Integrated metabolomics is a revolutionary systems biology tool for understanding plant metabolism and elucidating gene function. Although the vast utility of metabolomics is well documented in the literature, its full scientific promise has not yet been realized due to multiple technical challenges. The number one, grand challenge of metabolomics is the large-scale confident chemical identification of metabolites. To address this challenge, we have developed sophisticated computational and empirical metabolomics tools for the systematic and biological directed annotation of plant metabolomes. Learn more.
Border cells are a specialized cell type localized around the root cap of many terrestrial plant species. The exception are those of the Brassicaceae family which possess border-like cells. Border cells are major secretion machines, secreting DNA, mucilage, proteins, and metabolites into the rhizosphere. They have been shown to participate heavily in facilitation of host-microbe interactions. However, they tend to be overlooked in many studies concerning plant roots. As such, their considerable contributions are not properly analyzed. The Sumner lab aims to understand the metabolite basis of border cell host-microbe interactions. Learn more.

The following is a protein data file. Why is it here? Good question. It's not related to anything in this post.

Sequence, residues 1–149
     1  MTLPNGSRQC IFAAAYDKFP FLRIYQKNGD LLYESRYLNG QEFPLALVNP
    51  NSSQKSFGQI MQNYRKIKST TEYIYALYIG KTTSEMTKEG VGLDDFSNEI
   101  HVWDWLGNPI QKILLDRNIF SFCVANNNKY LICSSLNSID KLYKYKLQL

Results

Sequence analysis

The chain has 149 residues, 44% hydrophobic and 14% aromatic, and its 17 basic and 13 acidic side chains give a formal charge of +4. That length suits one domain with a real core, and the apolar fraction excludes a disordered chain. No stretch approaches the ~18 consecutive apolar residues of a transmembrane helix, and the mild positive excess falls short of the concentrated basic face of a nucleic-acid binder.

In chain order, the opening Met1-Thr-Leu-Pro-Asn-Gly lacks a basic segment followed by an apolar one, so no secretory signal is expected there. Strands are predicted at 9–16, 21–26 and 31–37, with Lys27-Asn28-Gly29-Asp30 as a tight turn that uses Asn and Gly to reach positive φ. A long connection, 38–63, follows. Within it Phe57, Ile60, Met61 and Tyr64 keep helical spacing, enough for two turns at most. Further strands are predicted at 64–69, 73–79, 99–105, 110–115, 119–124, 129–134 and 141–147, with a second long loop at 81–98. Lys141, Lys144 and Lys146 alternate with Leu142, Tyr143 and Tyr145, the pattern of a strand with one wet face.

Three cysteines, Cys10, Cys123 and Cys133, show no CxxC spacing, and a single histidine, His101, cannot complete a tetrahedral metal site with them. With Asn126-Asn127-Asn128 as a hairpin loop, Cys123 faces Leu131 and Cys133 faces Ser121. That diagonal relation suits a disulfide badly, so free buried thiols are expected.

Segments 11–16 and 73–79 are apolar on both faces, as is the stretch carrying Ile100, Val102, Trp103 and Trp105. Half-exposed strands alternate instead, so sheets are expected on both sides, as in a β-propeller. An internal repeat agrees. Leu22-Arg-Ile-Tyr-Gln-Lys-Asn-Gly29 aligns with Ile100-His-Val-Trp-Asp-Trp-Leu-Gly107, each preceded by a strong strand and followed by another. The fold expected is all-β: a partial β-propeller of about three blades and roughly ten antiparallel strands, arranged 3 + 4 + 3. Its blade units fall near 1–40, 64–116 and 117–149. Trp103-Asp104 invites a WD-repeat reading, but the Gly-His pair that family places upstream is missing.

Triterpene saponins are a class of structurally diverse plant natural products with a wide range of demonstrated bioactivities including allelopathic, antifungal, antibacterial, antiinsect, anticancer, antinutritive activities. The antinutritive properties of triterpene saponins in legume forages such as alfalfa and soybean are of particular and substantial economic importance. However, the biosynthesis of triterpene saponins is poorly characterized and this pathway is absent from most textbooks. We are using cutting‐edge metabolomics, genome wide association mapping, correlated gene expression profiling, and traditional molecular validation approaches for gene discovery and characterization related to triterpene saponin biosynthesis in Medicago truncatula. Learn more.